Furthermore, special conditions might be found desirable in relation to the sale of veterinary medicinal products at stalls, vans, and places other than premises.

Although we have no immediate proposal to make use of subsection (4) it is an integral part of the general scheme of the Bill for the public's protection and also for the protection of the responsible trader against the less responsible.

For those reasons, I hope that the hon. Gentleman will not press the Amendment.

Mrs. Jill Knight (Birmingham, Edgbaston)

The question of consumers' interests and convenience is involved here. The Minister is well aware of this, and of the grave concern that many of us feel on this point. In Committee, it was said that until the publication of the general sale list we could not be sure what would or would not be barred from sale in the local corner shop or village shop and so could not be sure how greatly incommoded the consumer would be. This is true, but it does not allay our fears.

It is very convenient for busy women to be able to buy their brand of cough medicine, indigestion tablets, and so on, at their local shop. They would be greatly concerned if they were suddenly to find that because of the provisions of the Bill they could obtain these products only from a chemist's shop. In many areas chemists' shops are few and far between. I know that a system operates which allows chemists' shops to be open late at night, but they are not open as late as are many useful corner shops which serve the public very well.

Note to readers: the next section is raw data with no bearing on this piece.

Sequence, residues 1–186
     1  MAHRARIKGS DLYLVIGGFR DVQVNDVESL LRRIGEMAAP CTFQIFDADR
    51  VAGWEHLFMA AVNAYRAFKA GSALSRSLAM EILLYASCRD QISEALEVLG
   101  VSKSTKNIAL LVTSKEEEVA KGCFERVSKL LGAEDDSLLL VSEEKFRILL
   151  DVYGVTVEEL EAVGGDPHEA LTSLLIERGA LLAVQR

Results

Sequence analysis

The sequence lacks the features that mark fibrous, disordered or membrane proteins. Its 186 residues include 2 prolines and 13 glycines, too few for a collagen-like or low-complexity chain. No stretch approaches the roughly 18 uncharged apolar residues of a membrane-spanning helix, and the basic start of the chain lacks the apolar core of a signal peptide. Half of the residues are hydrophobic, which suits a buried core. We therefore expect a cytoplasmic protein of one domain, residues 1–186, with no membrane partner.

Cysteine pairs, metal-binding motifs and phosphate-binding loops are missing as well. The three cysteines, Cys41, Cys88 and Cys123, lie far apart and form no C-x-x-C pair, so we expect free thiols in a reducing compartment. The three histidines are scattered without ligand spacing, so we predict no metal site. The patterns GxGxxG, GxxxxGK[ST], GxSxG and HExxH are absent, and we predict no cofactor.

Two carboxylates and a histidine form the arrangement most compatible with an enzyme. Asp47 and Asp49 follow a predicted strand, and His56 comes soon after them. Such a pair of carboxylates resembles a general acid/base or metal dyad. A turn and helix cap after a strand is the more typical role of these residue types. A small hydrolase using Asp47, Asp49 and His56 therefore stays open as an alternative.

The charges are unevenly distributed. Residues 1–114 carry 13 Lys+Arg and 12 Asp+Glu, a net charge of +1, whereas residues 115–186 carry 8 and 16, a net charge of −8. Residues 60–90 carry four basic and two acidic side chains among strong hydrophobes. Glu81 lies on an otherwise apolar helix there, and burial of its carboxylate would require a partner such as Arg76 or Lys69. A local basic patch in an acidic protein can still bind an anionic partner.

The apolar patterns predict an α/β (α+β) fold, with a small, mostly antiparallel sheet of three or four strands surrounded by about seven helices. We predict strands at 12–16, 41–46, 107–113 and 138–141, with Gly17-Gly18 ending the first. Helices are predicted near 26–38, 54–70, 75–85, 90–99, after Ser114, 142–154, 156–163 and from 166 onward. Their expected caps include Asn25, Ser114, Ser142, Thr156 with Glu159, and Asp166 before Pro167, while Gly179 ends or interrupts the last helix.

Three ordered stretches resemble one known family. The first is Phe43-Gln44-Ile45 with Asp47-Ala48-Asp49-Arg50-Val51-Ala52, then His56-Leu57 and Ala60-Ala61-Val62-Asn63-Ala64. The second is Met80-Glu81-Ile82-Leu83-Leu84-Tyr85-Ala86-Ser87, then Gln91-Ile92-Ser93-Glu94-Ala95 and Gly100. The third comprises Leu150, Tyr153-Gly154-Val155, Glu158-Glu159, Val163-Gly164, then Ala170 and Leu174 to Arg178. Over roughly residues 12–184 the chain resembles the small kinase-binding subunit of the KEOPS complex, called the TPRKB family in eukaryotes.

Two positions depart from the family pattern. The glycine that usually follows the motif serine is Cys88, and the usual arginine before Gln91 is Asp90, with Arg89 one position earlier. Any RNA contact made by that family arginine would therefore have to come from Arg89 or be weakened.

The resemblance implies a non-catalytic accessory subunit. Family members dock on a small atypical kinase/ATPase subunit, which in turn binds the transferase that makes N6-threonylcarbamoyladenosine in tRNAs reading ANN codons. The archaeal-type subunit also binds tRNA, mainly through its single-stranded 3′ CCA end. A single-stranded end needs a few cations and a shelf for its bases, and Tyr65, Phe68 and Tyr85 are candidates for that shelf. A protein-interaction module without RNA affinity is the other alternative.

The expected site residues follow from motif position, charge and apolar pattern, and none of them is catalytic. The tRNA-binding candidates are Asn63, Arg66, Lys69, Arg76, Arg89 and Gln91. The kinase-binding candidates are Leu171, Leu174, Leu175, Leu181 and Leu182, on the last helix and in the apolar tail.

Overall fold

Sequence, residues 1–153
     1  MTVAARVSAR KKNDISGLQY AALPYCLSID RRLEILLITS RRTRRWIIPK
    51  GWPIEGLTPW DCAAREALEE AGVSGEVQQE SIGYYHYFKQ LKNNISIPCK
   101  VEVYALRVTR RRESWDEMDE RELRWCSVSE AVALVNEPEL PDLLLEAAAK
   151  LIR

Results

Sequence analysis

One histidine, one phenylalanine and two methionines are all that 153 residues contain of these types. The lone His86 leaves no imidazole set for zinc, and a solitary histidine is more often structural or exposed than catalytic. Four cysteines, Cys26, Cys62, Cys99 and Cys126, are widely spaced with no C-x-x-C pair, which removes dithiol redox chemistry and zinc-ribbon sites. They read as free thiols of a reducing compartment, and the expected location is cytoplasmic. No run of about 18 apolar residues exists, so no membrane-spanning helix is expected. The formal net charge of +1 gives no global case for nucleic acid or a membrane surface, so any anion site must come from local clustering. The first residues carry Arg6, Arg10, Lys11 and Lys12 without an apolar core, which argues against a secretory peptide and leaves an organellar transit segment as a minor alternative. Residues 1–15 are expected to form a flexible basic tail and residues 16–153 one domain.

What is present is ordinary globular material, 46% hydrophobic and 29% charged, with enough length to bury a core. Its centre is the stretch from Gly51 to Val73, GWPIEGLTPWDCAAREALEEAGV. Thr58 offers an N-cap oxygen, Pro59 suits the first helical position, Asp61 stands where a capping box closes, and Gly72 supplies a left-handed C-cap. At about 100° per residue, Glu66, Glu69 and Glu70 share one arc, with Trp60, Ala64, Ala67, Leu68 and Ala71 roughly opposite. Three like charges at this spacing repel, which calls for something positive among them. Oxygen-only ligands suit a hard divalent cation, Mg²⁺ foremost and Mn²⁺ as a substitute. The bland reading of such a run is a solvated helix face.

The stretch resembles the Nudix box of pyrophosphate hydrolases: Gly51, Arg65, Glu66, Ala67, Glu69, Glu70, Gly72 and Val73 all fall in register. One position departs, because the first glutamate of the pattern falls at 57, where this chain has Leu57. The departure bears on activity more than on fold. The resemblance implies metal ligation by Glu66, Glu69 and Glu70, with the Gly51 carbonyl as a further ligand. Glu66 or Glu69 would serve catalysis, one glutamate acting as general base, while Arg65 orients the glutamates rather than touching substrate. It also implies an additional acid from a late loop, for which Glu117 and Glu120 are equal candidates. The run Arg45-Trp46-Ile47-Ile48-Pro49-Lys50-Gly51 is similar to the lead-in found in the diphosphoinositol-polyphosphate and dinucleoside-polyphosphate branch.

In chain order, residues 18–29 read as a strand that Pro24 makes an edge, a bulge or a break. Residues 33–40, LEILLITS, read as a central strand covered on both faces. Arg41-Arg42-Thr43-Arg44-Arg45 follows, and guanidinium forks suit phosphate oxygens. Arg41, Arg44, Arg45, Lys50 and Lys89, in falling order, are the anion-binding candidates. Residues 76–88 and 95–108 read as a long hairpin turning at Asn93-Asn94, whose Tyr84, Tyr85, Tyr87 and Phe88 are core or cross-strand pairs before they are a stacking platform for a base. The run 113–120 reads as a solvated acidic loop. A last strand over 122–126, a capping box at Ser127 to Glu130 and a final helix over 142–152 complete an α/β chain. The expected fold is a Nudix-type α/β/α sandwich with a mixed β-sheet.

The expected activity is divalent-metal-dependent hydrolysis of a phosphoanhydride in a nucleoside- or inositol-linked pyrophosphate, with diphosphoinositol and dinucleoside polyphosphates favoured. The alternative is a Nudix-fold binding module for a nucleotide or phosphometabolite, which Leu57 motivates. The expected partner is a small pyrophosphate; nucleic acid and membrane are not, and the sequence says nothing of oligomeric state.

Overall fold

Nothing that the Minister has yet said has allayed the fears of some people that consumers will be incommoded by the Bill. I strongly support the Amendment.

Mr. James Scott-Hopkins (Derbyshire, West)

I have no idea—and I do not think that the Minister has—how many veterinary products will be included in the general sale list. Subsection (2) excludes all veterinary drugs from the restrictions imposed in respect of the general sale list. I ask the Minister once again to look at the way in which the Bill is drafted and to consider whether, in another place, a new subsection can be inserted laying down broad controls of the type needed for the sale of veterinary drugs in respect of their sale from the backs of cars, lorries or on market stalls, and so on. They should be allowed to be sold in comparative freedom. There is a need for some control, but the best way is not regulations under this subsection. It would be much better for the veterinary and agricultural industries if they knew much more clearly under what regulations these drugs could be sold.

I will ask the right hon. Gentleman to reconsider this point from the veterinary side.

Mr. David Crouch (Canterbury)

I was not on the Committee when this point was considered, but I am surprised that it is still before the House. I spoke against this provision on Second Reading. The Minister has told us that it is, to use my description, an open-ended Clause so that he can decide later whether he needs to invoke it. I support what my hon. Friend the Member for Birmingham, Edgbaston (Mrs. Knight) said, that, despite the need to protect the individual against indiscriminate purchases of relatively harmless drugs, it is wrong for the Government to impose restrictions on such things as aspirin and cough mixture, other than those already protected which contain poisonous elements.